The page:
Conversely, the women’s tour has been positively chaotic this season, with the yellow bib now resting on the body of a fifth different woman. Slovakian veteran Anastasiya Kuzmina had won the pursuit in Hochfilzen, her first success in three years, and with the triumph on the opening 7.5 km Sprint in Le Grand Bornand took the lead from Kaisa Mäkäräinen, yet she wouldn’t be able to repeat a clean-shooting performance on the pursuit, picking up four penalties as defending World Cup Champion Laura Dahlmeier, second on the sprint, took advantage to secure her first trophy of the season. Lisa Vitozzi, the 22-year-old Italian, climbed a spot from her sprint position to complete the pursuit podium, and off were the ladies for Sunday’s Mass Start which, like the men’s race, would provide ample fodder for celebration amongst the hosts.
Brimming with unpredictability, the 12.5km epilogue looked about to be clinched by German Denise Herrmann, but the former cross-country skier cratered on the last shooting position by failing to drop three of five targets, and opened the door for 22-year-old Justine Braisaz, whose clean performance was rewarded with a first career victory in front of her compatriots. Unheralded Belarussian Iryna Kryuko also fired to perfection and secured a first career podium, while Laura Dahlmeier made it three podiums out of three in Le Grand Bornand to amass valuable points as she navigates her way up the overall standings.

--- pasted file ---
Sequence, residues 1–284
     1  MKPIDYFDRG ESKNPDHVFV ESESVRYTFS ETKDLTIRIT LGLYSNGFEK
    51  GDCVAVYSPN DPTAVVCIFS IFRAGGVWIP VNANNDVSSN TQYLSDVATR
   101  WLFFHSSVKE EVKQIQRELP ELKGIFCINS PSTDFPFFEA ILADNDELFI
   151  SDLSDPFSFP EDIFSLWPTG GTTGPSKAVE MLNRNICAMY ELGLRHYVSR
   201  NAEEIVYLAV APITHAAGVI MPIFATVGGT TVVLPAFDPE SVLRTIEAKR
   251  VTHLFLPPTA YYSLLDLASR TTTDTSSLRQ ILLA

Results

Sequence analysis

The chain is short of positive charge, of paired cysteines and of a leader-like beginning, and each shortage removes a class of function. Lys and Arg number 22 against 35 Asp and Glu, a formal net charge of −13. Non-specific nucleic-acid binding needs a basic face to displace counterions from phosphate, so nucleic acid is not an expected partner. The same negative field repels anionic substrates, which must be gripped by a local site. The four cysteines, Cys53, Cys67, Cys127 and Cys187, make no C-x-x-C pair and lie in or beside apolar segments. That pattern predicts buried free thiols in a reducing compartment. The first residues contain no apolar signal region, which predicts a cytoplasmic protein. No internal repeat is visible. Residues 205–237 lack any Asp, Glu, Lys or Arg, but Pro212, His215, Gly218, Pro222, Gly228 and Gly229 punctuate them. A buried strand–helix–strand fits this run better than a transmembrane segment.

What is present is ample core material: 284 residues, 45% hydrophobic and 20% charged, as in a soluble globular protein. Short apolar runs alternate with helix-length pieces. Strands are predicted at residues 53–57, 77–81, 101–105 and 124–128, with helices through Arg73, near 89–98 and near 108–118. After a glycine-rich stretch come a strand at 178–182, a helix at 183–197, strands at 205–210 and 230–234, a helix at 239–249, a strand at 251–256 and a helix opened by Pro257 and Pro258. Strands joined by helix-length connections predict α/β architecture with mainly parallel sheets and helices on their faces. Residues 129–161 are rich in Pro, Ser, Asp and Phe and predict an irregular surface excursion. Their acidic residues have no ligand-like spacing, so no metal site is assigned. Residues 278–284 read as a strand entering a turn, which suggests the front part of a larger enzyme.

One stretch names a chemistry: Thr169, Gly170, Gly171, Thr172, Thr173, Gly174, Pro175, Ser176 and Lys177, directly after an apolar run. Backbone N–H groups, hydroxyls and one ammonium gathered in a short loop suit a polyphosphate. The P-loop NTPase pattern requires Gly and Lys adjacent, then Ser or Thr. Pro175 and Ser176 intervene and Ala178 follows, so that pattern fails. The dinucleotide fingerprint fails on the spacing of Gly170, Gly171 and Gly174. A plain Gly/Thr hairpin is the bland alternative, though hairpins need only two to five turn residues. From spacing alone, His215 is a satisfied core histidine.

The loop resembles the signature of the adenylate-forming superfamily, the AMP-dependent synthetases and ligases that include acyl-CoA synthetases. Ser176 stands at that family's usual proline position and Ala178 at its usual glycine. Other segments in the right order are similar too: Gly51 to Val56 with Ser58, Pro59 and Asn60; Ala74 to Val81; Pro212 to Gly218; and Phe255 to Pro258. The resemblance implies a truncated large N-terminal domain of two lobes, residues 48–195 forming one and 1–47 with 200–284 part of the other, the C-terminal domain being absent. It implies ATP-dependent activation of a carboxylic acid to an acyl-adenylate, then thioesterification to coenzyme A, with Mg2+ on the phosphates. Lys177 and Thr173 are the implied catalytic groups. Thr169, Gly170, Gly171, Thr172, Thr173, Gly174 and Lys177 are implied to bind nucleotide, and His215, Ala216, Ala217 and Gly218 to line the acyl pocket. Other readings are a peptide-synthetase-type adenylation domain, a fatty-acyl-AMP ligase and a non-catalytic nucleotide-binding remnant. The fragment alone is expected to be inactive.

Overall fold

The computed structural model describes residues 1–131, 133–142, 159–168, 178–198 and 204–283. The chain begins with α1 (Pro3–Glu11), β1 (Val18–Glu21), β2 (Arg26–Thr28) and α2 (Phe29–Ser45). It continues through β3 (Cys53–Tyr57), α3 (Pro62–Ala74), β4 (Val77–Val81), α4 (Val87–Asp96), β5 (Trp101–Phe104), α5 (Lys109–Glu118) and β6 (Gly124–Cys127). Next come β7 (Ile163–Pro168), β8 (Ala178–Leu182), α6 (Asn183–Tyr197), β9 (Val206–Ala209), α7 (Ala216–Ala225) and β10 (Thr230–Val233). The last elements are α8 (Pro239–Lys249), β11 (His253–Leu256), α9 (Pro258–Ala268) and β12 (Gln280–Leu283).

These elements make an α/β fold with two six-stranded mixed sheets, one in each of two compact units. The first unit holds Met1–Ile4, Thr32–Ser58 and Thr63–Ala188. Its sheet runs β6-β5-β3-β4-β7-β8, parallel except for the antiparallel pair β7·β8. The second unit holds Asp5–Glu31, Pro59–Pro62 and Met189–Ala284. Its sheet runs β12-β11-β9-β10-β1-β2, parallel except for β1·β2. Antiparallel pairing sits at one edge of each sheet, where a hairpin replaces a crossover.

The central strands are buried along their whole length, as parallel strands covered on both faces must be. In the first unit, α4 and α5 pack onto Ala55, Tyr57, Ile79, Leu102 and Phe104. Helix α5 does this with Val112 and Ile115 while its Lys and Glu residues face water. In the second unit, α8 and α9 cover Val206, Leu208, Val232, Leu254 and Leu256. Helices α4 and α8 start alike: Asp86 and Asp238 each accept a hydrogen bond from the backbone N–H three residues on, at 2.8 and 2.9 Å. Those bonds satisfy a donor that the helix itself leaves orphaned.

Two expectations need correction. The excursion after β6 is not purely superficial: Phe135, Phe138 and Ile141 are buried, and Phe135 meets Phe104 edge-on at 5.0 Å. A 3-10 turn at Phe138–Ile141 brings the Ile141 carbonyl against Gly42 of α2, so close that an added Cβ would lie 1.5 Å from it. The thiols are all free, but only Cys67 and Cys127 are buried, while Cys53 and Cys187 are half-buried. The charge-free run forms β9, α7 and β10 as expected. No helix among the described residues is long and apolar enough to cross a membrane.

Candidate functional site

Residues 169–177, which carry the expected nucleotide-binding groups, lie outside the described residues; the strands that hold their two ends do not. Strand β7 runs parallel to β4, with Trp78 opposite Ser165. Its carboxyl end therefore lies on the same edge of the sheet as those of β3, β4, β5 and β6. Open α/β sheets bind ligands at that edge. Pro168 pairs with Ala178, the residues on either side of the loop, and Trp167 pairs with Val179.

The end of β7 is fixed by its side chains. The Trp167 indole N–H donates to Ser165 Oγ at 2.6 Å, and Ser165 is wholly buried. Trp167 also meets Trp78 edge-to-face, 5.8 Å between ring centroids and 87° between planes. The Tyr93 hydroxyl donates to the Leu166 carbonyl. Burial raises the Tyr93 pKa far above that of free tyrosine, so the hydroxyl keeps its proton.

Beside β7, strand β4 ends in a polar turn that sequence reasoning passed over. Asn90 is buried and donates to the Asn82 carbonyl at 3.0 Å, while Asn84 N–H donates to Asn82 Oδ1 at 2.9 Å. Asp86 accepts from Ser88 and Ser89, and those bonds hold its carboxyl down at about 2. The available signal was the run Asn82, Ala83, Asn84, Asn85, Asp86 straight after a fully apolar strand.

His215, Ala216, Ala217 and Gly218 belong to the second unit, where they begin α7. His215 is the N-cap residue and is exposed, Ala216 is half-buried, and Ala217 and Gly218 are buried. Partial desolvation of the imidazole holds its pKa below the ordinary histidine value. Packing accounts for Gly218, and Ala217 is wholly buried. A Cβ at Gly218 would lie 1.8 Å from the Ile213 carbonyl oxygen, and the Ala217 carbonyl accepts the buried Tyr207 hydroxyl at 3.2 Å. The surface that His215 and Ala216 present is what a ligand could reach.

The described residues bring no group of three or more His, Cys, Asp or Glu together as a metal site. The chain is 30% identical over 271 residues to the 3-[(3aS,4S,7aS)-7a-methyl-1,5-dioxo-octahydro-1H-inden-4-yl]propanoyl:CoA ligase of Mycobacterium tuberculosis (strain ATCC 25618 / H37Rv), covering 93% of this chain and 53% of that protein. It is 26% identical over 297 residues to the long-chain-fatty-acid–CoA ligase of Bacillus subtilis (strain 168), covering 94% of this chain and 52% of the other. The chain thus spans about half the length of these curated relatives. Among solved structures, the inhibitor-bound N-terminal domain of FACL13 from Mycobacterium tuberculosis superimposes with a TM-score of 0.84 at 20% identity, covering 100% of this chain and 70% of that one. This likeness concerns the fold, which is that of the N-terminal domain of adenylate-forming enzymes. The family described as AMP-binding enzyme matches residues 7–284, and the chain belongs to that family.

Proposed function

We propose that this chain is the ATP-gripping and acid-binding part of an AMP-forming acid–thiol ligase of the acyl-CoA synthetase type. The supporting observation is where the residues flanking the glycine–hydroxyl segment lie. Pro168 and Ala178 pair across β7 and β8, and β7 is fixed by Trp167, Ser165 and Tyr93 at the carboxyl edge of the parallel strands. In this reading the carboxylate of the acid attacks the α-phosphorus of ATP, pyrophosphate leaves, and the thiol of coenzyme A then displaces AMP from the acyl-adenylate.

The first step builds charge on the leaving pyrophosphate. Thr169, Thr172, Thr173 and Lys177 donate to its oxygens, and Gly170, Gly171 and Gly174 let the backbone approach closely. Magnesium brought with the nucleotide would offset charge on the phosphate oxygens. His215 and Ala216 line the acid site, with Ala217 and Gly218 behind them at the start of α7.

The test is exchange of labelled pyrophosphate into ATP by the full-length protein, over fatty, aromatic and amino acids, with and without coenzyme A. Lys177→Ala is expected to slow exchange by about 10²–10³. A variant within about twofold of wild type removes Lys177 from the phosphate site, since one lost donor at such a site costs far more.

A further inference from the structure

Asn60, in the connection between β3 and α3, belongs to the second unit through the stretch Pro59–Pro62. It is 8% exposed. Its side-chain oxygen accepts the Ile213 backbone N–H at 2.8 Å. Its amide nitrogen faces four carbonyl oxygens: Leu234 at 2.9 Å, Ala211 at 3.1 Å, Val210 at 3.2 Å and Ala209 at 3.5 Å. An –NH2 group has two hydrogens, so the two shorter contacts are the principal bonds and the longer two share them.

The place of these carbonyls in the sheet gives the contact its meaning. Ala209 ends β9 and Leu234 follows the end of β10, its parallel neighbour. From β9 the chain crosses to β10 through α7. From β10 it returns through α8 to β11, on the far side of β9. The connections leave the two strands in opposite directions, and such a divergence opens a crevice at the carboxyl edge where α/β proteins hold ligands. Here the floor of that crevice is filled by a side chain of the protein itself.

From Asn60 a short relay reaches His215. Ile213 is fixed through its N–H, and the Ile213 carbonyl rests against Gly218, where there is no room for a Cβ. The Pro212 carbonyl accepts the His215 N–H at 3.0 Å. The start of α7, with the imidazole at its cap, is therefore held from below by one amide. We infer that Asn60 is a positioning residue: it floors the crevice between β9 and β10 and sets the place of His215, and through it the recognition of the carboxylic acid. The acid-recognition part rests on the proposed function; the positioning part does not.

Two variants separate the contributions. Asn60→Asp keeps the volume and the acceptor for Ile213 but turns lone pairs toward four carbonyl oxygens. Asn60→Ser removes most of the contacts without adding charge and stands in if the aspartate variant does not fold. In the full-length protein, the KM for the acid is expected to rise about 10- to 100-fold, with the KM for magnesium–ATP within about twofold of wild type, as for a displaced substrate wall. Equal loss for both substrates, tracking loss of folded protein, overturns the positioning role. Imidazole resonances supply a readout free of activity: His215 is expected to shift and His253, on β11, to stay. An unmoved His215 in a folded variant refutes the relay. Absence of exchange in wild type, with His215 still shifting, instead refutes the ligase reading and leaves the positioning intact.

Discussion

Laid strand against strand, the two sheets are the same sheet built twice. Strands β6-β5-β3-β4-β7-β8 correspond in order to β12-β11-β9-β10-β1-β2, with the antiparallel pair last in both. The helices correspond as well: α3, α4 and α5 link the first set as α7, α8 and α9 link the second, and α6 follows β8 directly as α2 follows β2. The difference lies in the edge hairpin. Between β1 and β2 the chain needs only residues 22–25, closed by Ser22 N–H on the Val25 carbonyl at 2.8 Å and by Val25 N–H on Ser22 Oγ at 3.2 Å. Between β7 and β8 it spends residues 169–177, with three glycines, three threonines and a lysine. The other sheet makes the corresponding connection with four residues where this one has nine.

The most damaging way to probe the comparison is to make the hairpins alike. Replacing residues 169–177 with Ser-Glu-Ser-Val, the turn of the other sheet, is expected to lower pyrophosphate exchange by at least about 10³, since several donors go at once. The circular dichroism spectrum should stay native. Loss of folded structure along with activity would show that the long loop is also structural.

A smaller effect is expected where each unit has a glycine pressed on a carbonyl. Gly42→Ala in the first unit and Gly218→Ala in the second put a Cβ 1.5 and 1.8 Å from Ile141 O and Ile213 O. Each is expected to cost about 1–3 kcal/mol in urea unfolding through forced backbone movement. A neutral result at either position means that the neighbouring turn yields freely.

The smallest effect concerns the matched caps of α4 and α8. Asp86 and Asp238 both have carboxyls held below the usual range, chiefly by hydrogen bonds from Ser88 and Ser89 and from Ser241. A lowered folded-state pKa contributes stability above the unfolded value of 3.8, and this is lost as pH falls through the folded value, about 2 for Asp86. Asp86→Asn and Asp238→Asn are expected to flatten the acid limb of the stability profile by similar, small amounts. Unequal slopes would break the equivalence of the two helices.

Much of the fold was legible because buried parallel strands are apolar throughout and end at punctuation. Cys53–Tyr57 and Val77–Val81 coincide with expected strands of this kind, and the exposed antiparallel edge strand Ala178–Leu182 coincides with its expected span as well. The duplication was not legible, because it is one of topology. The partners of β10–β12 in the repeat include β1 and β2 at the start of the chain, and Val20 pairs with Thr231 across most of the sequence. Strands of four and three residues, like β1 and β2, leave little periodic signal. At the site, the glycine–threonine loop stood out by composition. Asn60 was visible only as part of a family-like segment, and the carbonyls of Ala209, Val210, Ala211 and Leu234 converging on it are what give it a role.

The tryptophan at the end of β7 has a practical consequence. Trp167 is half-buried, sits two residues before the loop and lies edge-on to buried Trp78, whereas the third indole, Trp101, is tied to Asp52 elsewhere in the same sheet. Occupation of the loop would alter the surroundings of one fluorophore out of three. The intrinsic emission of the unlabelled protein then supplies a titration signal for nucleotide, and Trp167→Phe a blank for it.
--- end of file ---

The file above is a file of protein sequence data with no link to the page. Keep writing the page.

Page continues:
Kuzmina, fourth in the Mass Start, will wear the yellow bib on January 4th, when the biathlon World Cup returns in Oberhof (Germany), even if Justine Braisaz (6 pts behind), Kaisa Mäkäräinen (21) and Denise Herrmann (26) are all in excellent position to upstage her after the break.
Ski jumping: Richard Freitag pads his overall lead in Engelberg
In inspired form since he grabbed the yellow bib in Nizhny Tagil, German Richard Freitag enjoyed another weekend of great success in Engelberg to distance his main rivals on the race for the ski jumping overall World Cup title.